4. Kwon YY, Choi KM, Cho CY, Lee CK. 2015. Mitochondrial efficiency-dependent viability of Saccharomyces cerevisiae mutants carrying individual electron transport chain component deletions. Mol. Cells 38: 1054-1063.
    Pubmed KoreaMed CrossRef
  5. Zyrina AN, Smirnova EA, Markova OV, Severin FF, Knorre DA. 2017. Mitochondrial superoxide dismutase and Yap1p act as a signaling module contributing to ethanol tolerance of the yeast Saccharomyces cerevisiae. Appl. Environ. Microbiol 83. Pii: e02759-16.
    Pubmed KoreaMed CrossRef
  6. Magrì A, Di Rosa MC, Tomasello MF, Guarino F, Reina S, Messina A, et al. 2016. Overexpression of human SOD1 in VDAC1-less yeast restores mitochondrial functionality modulating beta-barrel outer membrane protein genes. Biochim. Biophys. Acta 1857: 789-798.
    Pubmed CrossRef
  7. Knuppertz L, Warnsmann V, Hamann A, Grimm C, Osiewacz HD. 2017. Stress-dependent opposing roles for mitophagy in aging of the ascomycete Podospora anserina. Autophagy 13: 1037-1052.
    Pubmed KoreaMed CrossRef
  8. Rattanawong K, Kerdsomboon K, Auesukaree C. 2015. Cu/Zn-superoxide dismutase and glutathione are involved in response to oxidative stress induced by protein denaturing effect of alachlorin Saccharomy cescerevisiae. Free. Radical. Biol. Med. 89: 963-971.
    Pubmed CrossRef
  9. Fukuda T, Kanki T. 2018. Mechanisms and physiological roles of mitophagy in yeast. Mol. Cells 41: 35-44.
    Pubmed KoreaMed CrossRef
  10. Kanki T, Furukawa K, Yamashita S. 2015. Mitophagy in yeast: molecular mechanisms and physiological role. Biochim. Biophys. Acta 1853: 2756-2765.
    Pubmed CrossRef
  11. Fan P, Xie X, Chen CH, Peng X, Zhang P, Yang C, et al. 2019. Molecular regulation mechanisms and interactions between reactive oxygen species and mitophagy. DNA Cell Biol. 38: 10-22.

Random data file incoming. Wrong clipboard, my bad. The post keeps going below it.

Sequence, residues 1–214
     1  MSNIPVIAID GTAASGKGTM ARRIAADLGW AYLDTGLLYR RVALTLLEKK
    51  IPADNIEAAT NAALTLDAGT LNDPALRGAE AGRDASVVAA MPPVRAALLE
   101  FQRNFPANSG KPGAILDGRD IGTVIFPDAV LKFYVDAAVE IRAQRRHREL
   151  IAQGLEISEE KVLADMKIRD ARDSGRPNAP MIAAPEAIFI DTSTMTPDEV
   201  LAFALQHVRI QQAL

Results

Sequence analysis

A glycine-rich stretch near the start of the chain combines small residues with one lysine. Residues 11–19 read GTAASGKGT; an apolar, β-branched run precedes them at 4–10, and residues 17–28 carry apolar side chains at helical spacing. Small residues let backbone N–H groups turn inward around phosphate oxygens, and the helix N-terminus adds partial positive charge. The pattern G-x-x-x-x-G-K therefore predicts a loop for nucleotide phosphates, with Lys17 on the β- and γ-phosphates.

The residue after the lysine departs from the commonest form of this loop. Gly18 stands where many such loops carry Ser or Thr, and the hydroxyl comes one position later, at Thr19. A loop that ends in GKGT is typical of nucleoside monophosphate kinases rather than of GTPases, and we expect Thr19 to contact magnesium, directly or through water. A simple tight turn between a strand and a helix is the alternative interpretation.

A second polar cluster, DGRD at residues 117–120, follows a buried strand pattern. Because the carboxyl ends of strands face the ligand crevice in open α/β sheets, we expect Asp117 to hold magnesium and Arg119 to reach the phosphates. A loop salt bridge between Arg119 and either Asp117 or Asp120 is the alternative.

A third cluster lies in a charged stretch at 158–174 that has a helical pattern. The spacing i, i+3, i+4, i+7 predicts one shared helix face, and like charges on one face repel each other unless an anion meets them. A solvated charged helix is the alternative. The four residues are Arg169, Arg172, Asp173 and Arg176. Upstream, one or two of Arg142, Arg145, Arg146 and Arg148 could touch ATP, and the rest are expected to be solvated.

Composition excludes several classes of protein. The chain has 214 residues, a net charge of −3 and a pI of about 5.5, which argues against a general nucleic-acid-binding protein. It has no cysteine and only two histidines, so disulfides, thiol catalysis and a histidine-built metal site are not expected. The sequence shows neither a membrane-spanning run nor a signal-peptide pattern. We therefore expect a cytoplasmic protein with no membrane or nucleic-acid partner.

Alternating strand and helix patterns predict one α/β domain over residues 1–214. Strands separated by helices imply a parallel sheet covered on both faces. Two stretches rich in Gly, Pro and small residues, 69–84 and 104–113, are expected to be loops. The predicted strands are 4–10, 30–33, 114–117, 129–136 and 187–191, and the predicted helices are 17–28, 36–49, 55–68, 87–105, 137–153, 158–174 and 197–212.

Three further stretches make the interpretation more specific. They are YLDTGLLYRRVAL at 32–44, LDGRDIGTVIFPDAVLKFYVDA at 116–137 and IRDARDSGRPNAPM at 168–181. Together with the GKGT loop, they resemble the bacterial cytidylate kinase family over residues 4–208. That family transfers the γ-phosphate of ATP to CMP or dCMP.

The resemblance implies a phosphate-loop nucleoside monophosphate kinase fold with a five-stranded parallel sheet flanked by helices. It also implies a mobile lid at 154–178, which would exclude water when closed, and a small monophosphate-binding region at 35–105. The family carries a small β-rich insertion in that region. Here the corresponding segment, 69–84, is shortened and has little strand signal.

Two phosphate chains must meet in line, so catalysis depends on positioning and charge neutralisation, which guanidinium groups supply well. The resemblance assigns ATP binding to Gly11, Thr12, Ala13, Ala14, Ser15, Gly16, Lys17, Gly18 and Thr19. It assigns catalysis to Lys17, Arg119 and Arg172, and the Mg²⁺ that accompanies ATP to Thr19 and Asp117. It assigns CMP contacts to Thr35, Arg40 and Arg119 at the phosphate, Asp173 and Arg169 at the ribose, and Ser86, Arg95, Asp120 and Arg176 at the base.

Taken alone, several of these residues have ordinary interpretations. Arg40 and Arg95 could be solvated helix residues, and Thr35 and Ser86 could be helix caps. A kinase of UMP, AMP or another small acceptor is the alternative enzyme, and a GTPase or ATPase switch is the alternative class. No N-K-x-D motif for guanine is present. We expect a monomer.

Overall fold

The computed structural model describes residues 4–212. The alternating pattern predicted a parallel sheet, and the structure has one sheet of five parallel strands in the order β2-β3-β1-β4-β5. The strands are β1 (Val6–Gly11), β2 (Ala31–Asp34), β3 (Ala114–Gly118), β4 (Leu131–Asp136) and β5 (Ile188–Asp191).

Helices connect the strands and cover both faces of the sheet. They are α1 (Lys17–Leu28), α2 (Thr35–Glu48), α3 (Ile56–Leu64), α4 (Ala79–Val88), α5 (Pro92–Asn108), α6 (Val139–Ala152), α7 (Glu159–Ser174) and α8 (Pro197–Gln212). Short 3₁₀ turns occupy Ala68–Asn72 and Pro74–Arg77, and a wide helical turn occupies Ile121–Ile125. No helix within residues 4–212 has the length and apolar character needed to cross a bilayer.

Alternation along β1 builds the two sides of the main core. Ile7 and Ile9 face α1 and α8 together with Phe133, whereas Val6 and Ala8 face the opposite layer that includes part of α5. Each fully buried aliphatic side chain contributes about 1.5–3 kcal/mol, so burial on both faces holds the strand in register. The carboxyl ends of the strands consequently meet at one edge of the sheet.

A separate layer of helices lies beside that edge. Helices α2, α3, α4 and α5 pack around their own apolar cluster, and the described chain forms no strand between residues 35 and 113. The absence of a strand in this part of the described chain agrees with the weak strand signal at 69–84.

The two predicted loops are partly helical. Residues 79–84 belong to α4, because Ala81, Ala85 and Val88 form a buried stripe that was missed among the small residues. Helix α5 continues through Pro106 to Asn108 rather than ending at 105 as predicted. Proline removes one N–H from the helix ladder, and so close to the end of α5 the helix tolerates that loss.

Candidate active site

Pubmed CrossRef
  12. Müller M, Lu K, Reichert AS. 2015. Mitophagy and mitochondrial dynamics in Saccharomyces cerevisiae. Biochim. Biophys. Acta 1853: 2766-2774.
    Pubmed CrossRef
  13. Kurihara Y, Kanki T, Aoki Y, Hirota Y, Saigusa T, Uchiumi T, et al. 2012. Mitophagy plays an essential role in reducing mitochondrial production of reactive oxygen species and mutation of mitochondrial DNA by maintaining mitochondrial quantity and quality in yeast. J. Biol. Chem. 287: 3265-3272.
    Pubmed KoreaMed CrossRef
  14. Tsukada M, Ohsumi Y. 1993. Isolation and characterization of autophagydefective mutants of Saccharomyces cerevisiae. FEBS. Lett. 333: 169-174.
    Pubmed CrossRef
  15. Yoo SM, Jung YK. 2018. A molecular approach to mitophagy and mitochondrial dynamics. Mol. Cells 41: 18-26.
    Pubmed KoreaMed CrossRef
  16. Xia X, Katzenell S, Reinhart EF, Bauer KM, Pellegrini M, Ragusa MJ. 2018. A pseudo-receiver domain in Atg32 is required for mitophagy. Autohhagy 14: 1620-1628.
    Pubmed KoreaMed CrossRef
  17. Aihara M, Jin X, Kurihara Y, Yoshida Y, Matsushima Y, Oku M, et al. 2014. Tor and the Sin3-Rpd3 complex regulate expression of the mitophagy receptor protein Atg32 in yeast. J. Cell Sci. 127: 3184-3196.
    Pubmed CrossRef
  18. Furukawa K, Fukuda T, Yamashita S, Saigusa T, Kurihara Y, Yoshida Y, et al. 2018. The PP2A-like protein phosphatase Ppg1 and the Far complex cooperatively counteract CK2-mediated phosphorylation of Atg32 to inhibit mitophagy. Cell Rep. 23: 3579-3590.
    Pubmed CrossRef
  19. Shan YT, Gu ZW, Kong Z, Zhou Y, Li B, Yan MF, et al. 2019. Progress on function of ATG11. Prog. Biochem. Biophys. 46: 796-803.
  20. Zientara-Rytter K, Ozeki K, Nazarko TY, Subramani S. 2018. Pex3 and Atg37 compete to regulate the interaction between the pexophagy receptor, Atg30, and the Hrr25 kinase.  Autophagy 14:  368-384.
    Pubmed KoreaMed CrossRef
  21. Chen S, Cui Y, Parashar S, Novick PJ, Ferro-Novick S. 2018. ER-phagy requires Lnp1, a protein that stabilizes rearrangements of the ER network. Proc. Natl. Acad. Sci. USA 115: E6237-E6244.
    Pubmed KoreaMed CrossRef
  22. Eapena VV, Waterman DP, Bernard A, Schiffmann N, Sayasd E, Kamber R, et al. 2017. A pathway of targeted autophagy is induced by DNA damage in budding yeas. Proc. Natl. Acad. Sci. USA 116: E1158-E1167.
    Pubmed KoreaMed CrossRef
  23. Waliullah TM, Yeasmin AMST, Kaneko A. 2017. Rim15 and Sch9 kinases are involved in induction of autophagic degradation of ribosomes in budding yeast. Biosci. Biotech. Biochem. 81: 307-310.
    Pubmed CrossRef
  24. Takagi H, Taguchi J, Kaino T. 2016. Proline accumulation protects Saccharomyces cerevisiae cells in stationary phase from ethanol stress by reducing reactive oxygen species levels. Yeast 33: 355-363.
    Pubmed CrossRef